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Pyrococcus furiosus flagella: biochemical and transcriptional analyses identify the newly detected flaB0 gene to encode the major flagellin.

Näther-Schindler DJ, Schopf S, Bellack A, Rachel R, Wirth R - Front Microbiol (2014)

Bottom Line: Polymerization studies of denatured flagella resulted in an ATP-independent formation of flagella-like filaments.A total of 771 bp are missing in the data base, resulting in the correction of the previously unusual N-terminal sequence of flagellin FlaB1 and in the identification of a third flagellin.Analysing the RNA of cells from different growth phases, we found that the length and number of detected cotranscript increased over time suggesting that the flagellar operon is transcribed mostly in late exponential and stationary growth phase.

View Article: PubMed Central - PubMed

Affiliation: Institute of Microbiology and Archaea Center, University of Regensburg Regensburg, Germany ; Plant Development, Department of Biology I, Biocenter of the Ludwig Maximilian University of Munich Planegg-Martinsried, Germany.

ABSTRACT
We have described previously that the flagella of the Euryarchaeon Pyrococcus furiosus are multifunctional cell appendages used for swimming, adhesion to surfaces and formation of cell-cell connections. Here, we characterize these organelles with respect to their biochemistry and transcription. Flagella were purified by shearing from cells followed by CsCl-gradient centrifugation and were found to consist mainly of a ca. 30 kDa glycoprotein. Polymerization studies of denatured flagella resulted in an ATP-independent formation of flagella-like filaments. The N-terminal sequence of the main flagellin was determined by Edman degradation, but none of the genes in the complete genome code for a protein with that N-terminus. Therefore, we resequenced the respective region of the genome, thereby discovering that the published genome sequence is not correct. A total of 771 bp are missing in the data base, resulting in the correction of the previously unusual N-terminal sequence of flagellin FlaB1 and in the identification of a third flagellin. To keep in line with the earlier nomenclature we call this flaB0. Very interestingly, the previously not identified flaB0 codes for the major flagellin. Transcriptional analyses of the revised flagellar operon identified various different cotranscripts encoding only a single protein in case of FlaB0 and FlaJ or up to five proteins (FlaB0-FlaD). Analysing the RNA of cells from different growth phases, we found that the length and number of detected cotranscript increased over time suggesting that the flagellar operon is transcribed mostly in late exponential and stationary growth phase.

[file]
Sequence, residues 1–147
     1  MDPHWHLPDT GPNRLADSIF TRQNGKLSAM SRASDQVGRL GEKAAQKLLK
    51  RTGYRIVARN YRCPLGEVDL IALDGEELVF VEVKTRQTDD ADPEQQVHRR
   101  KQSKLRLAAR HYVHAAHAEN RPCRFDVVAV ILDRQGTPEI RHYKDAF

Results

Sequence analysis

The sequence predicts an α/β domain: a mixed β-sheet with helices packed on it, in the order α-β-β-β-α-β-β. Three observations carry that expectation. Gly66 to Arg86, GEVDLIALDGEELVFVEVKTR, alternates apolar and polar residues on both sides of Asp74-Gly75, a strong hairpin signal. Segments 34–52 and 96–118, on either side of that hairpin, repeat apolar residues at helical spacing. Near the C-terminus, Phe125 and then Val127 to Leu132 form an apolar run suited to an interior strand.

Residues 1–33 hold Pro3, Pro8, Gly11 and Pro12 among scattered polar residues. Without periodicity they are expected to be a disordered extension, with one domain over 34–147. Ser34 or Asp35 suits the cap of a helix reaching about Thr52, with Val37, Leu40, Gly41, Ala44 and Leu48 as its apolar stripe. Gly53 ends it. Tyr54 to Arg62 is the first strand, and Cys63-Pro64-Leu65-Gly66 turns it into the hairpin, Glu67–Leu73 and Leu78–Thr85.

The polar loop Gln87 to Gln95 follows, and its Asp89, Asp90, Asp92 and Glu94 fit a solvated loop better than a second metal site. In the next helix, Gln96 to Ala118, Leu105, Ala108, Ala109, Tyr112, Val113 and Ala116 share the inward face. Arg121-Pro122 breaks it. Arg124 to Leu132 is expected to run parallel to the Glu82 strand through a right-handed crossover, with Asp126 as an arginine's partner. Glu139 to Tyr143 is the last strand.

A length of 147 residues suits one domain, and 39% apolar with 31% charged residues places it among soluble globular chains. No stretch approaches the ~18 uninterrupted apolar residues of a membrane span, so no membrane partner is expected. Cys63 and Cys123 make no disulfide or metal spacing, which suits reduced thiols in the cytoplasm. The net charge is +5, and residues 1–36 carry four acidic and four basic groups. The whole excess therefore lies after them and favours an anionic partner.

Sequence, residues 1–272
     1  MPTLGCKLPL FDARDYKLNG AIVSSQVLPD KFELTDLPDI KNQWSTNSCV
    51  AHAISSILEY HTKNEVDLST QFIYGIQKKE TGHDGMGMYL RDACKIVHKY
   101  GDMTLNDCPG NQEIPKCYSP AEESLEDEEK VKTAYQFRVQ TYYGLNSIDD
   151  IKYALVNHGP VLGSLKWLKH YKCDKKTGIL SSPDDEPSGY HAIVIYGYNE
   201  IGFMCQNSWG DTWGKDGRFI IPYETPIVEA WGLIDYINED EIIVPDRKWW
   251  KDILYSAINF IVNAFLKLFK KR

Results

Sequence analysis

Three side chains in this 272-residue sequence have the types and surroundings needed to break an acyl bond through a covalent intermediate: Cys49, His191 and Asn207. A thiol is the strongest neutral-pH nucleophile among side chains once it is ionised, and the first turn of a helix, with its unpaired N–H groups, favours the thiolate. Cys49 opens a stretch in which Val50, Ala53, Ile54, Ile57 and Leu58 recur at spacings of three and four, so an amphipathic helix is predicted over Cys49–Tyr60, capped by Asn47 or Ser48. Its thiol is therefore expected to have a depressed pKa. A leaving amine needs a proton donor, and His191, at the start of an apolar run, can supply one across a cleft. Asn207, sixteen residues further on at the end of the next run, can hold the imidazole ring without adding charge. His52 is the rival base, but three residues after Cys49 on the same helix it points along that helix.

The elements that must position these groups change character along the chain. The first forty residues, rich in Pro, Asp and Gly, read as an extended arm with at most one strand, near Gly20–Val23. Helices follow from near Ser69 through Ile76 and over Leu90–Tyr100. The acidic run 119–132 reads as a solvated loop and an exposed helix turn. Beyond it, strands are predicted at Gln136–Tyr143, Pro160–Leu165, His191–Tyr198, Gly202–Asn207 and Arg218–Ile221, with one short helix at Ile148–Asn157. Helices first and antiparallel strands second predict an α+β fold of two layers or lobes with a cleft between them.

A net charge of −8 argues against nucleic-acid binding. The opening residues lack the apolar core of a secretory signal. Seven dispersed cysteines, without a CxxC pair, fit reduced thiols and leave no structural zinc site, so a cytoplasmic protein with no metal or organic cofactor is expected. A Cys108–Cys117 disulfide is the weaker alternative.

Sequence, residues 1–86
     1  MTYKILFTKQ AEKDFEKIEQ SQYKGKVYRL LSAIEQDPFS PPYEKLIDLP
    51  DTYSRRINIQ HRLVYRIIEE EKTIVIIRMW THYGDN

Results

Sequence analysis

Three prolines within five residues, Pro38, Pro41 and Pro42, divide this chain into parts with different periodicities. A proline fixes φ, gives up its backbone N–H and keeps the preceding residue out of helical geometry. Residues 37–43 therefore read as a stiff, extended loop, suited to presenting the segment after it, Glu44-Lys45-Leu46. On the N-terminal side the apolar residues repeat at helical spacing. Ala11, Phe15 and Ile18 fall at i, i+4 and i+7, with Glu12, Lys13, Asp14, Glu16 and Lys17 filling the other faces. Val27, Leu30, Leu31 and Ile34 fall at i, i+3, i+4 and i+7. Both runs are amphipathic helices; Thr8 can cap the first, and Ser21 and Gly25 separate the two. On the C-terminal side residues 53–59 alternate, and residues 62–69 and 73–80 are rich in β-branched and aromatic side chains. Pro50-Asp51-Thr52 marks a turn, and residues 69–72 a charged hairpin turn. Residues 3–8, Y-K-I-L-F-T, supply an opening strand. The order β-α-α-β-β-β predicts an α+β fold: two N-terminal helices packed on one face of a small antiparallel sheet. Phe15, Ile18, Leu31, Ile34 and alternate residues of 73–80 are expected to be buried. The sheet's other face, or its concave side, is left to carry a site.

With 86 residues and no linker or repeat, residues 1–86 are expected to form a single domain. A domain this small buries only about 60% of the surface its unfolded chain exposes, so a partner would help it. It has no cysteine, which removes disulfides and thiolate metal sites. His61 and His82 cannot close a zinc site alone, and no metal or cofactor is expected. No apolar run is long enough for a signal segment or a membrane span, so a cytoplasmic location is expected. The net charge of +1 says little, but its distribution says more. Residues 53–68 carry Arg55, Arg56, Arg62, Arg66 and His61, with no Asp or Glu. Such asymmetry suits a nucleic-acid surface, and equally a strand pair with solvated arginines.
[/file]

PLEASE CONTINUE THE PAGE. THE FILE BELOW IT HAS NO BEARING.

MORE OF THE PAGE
No MeSH data available.


Related in: MedlinePlus

Repolymerization of denatured flagella. (A) SDS-PAGE: Flagella purified by CsCl-gradient centrifugation were denatured into monomeric flagellins by SDS and heat denaturation (lane 1). After extensive dialysis against 5 mM HEPES buffer only single flagellins were observed (lane 2). The denatured flagellins were used for polymerization assays at: 8°C (lanes 3 and 7), 37°C (lanes 4 and 8), 60°C (lanes 5 and 9), and 90°C (lanes 6 and 10). Analysis was done after 1 (lane 3–6) or 6 days (lane 7–10) of incubation. (B–D) show TEM analyses of: (B) the flagella preparation; (C) denatured flagellins (lane 2); (D) the result from a 90°C repolymerization after 1 day (lane 6). Size bars are 100 nm, each.
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Figure 3: Repolymerization of denatured flagella. (A) SDS-PAGE: Flagella purified by CsCl-gradient centrifugation were denatured into monomeric flagellins by SDS and heat denaturation (lane 1). After extensive dialysis against 5 mM HEPES buffer only single flagellins were observed (lane 2). The denatured flagellins were used for polymerization assays at: 8°C (lanes 3 and 7), 37°C (lanes 4 and 8), 60°C (lanes 5 and 9), and 90°C (lanes 6 and 10). Analysis was done after 1 (lane 3–6) or 6 days (lane 7–10) of incubation. (B–D) show TEM analyses of: (B) the flagella preparation; (C) denatured flagellins (lane 2); (D) the result from a 90°C repolymerization after 1 day (lane 6). Size bars are 100 nm, each.

Mentions: Flagellins from denaturated flagella were incubated at different temperatures to analyze their potential to repolymerize. Incubation for 1 day or longer at temperatures higher than 60°C resulted in aggregation of the ~30 kDa flagellins into high-molecular weight polymers, forming in part also filamentous structures as proven by TEM (Figure 3). Comparing these filaments to native flagella, we found the diameter to be smaller, and no helical ultrastructure was present. Addition of ATP to the samples had no influence on the formation of aggregates or filaments (data not shown).